Divining the News (DTN)

Not Mainstream News

Plight of the humble bee Times London

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Eclectically off topic:

beeNative British bees are dying out — and with them will go flora, fauna and one-third of our diet. We may have less than a decade to save them and avert catastrophe. So why is nothing being done?…


It’s the same right across Europe, and the reasons everywhere are the same — changes in agricultural practice that have replaced historic mixed farmscapes with heavily industrialised monocultures in which wild animals and plants are about as welcome as jackals in a pie factory. Insects in particular have been targets of intense chemical warfare. We are, at the eleventh hour, learning from our mistakes, but patching nature back together again is exponentially more difficult than blowing it apart.


Most people do now get the point about honeybees. Following the multiple crises that continue to empty the hives — foulbrood, varroa mites, viral diseases, dysfunctional immune systems, and now the mysterious but globally devastating colony-collapse disorder (CCD) — it is understood that the true value of Apis mellifera lies not so much in the sticky stuff that gives our favourite insect its name as in the service it provides as a pollinator of farms and gardens. If you add retailers’ profit to farm gate prices, their value to the UK economy is in the region of £1 billion a year, and 35% of our diet is directly dependent on them. It is an equation of stark simplicity. No pollination: no crops. There is nothing theoretical about it. The reality is in (or, more accurately, not in) the hives. The US has lost 70% of its honeybee colonies over the past two winters. Losses in the UK currently are running at 30% a year — up from just 6% in 2003….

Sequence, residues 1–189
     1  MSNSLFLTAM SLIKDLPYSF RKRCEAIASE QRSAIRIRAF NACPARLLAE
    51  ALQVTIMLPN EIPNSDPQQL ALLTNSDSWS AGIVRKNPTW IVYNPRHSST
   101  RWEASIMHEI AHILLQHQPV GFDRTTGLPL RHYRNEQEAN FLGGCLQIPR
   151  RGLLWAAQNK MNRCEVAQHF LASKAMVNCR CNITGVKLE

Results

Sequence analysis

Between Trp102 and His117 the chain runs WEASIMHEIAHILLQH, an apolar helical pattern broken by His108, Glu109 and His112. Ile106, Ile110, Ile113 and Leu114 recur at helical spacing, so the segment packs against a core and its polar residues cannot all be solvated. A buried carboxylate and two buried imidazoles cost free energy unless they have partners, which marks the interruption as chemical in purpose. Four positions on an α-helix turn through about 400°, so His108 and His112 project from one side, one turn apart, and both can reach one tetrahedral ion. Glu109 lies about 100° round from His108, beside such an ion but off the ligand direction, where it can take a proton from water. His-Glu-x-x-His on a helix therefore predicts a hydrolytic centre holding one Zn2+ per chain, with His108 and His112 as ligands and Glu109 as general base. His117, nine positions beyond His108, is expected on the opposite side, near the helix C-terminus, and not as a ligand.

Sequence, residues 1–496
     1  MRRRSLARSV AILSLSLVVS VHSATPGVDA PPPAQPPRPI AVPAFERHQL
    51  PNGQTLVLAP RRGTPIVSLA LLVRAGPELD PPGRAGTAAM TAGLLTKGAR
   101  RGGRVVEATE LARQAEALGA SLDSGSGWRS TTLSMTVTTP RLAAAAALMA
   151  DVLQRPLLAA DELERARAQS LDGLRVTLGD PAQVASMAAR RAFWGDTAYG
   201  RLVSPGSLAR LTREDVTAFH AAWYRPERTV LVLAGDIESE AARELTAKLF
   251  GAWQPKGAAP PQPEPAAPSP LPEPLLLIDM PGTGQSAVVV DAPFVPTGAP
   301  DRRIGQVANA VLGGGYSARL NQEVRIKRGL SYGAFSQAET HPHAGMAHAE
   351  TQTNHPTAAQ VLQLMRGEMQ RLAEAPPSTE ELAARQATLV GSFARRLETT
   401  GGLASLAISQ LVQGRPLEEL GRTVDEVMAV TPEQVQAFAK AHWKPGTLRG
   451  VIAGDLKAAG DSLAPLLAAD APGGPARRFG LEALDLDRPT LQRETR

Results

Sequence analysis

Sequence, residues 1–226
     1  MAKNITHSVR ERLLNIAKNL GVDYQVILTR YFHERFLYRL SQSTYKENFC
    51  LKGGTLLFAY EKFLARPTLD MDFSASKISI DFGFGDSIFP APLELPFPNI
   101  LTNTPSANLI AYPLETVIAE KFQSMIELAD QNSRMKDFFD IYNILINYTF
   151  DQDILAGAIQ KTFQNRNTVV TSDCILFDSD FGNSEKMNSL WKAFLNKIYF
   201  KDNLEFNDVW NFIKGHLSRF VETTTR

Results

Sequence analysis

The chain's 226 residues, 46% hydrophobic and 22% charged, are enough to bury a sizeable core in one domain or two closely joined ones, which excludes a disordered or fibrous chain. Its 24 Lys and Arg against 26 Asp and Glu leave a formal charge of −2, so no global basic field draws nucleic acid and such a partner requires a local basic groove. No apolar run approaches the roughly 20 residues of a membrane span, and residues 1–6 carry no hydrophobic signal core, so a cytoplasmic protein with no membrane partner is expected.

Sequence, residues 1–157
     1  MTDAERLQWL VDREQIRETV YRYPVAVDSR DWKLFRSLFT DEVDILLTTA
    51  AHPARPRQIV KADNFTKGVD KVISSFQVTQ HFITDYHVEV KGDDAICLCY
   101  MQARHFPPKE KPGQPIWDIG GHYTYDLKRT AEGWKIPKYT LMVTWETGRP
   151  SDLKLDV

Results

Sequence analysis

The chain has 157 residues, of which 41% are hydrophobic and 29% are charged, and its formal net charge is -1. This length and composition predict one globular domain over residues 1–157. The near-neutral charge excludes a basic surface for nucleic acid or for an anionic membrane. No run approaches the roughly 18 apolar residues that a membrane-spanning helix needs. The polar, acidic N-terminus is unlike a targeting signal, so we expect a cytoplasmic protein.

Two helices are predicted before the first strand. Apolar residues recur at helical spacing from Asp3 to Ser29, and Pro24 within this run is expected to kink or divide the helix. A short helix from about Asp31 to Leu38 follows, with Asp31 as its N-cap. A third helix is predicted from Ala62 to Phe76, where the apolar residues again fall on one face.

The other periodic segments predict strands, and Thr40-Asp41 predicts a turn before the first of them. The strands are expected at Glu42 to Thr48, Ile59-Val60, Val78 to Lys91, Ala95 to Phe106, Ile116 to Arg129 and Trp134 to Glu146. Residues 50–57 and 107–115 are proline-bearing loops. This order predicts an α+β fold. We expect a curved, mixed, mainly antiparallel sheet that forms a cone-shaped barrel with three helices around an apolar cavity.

February 1, 2009


Written by morris

February 1, 2009 at 9:07 pm

Posted in Bees, Environment, food

Tagged with , ,

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